Lefebvre uncovered some impressive examples of birds being bright. The great skua in the Antarctic nestled among newborn seal pups, helping itself to their mothers' milk. Vultures perched on barbed wire fences next to minefields during the civil war in Zimbabwe, waiting for an unsuspecting antelope to be transformed into a barbecued treat. Sparrows in New Zealand hovered in front of an electric eye that opened the automatic doors to a cafeteria, so they could dart in and dine on the crumbs on the floor.

When it comes to birds, Lefebvre says there tends to be a potent link between brain size and a capacity to innovate. In a new study just published in Proceedings of the National Academy of Science, he presents evidence that both are major indicators of how well different sorts of birds can adapt to new environments.

Together with Daniel Sol from the Autonomous University of Barcelona, Lefebvre analyzed historical records chronicling the deliberate introduction of birds into new lands, such as the 19th-century release of the European starling into North America. Big-brained birds did best.

"We hear a lot about invasive species like zebra mussels. But we don't know anything about, say, the 'antelope mussels' that might have died in the ocean on their way over here," says Lefebvre. The new study offers evidence that brain size and an ability to innovate seem to be crucial determinants in predicting "which invasive species will make it and which won't."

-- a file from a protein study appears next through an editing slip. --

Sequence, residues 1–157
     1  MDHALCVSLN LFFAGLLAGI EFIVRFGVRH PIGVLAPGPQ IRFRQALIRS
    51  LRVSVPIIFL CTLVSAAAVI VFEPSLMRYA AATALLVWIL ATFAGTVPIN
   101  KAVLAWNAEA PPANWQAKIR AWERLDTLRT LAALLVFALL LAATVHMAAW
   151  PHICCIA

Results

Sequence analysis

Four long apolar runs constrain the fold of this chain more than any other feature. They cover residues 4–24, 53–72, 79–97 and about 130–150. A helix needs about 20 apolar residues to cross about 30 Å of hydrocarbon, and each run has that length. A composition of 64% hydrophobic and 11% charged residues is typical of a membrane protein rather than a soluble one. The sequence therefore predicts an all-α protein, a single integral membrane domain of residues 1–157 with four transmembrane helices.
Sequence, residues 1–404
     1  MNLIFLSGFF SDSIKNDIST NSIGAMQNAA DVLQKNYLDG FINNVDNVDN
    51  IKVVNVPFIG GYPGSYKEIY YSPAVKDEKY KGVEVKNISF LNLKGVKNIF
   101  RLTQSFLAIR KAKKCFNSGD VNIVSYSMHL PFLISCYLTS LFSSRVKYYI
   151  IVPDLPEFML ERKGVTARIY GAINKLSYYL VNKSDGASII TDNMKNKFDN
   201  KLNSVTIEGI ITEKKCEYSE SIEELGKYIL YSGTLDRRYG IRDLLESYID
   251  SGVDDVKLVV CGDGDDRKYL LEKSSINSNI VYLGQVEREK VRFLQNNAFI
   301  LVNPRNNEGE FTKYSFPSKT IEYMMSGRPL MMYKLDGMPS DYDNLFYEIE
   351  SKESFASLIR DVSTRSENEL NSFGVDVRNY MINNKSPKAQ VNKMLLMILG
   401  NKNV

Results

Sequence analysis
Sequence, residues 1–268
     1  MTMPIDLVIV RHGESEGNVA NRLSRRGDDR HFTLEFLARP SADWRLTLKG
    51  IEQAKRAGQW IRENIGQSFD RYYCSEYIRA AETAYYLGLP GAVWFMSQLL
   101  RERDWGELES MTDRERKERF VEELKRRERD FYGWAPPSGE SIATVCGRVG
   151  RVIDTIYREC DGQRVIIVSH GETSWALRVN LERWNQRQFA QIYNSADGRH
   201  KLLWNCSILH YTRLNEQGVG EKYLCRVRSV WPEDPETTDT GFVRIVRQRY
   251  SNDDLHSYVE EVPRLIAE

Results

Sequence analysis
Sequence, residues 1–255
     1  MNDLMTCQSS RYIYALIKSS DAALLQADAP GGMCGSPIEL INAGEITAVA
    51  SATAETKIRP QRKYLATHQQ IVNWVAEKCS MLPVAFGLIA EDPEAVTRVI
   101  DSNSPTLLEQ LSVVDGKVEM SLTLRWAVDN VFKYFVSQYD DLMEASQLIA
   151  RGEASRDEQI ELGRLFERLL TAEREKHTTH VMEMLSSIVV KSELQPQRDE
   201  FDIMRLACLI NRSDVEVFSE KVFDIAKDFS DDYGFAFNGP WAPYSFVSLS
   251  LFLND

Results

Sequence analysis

Mac Challenged to Help "World Gone Mad"

Lewis at the mike.

It was to a packed house at Macdonald Campus that Stephen Lewis, LLD'87, one of Canada's most influential commentators on international development and human rights, issued a direct challenge to McGill students to get involved in the HIV/AIDS crisis in Africa. Speaking as part of Mac's Founder's Day celebrations in February, Lewis gave a stirring and emotional lecture that described the devastation he has witnessed in his work as the special UN envoy for HIV/AIDS in Africa since he was appointed to the position in 2001.

Life expectancies in many African countries have plummeted dramatically. Using the example of Zambia, Lewis outlined how a large percentage of government employees are too sick to work or have died, leaving a dearth of political and organizational management that compounds the country's health and hunger crises. Agricultural workers have been decimated by the disease as well, so that despite good farming conditions after the rains of 2004, there is a food crisis.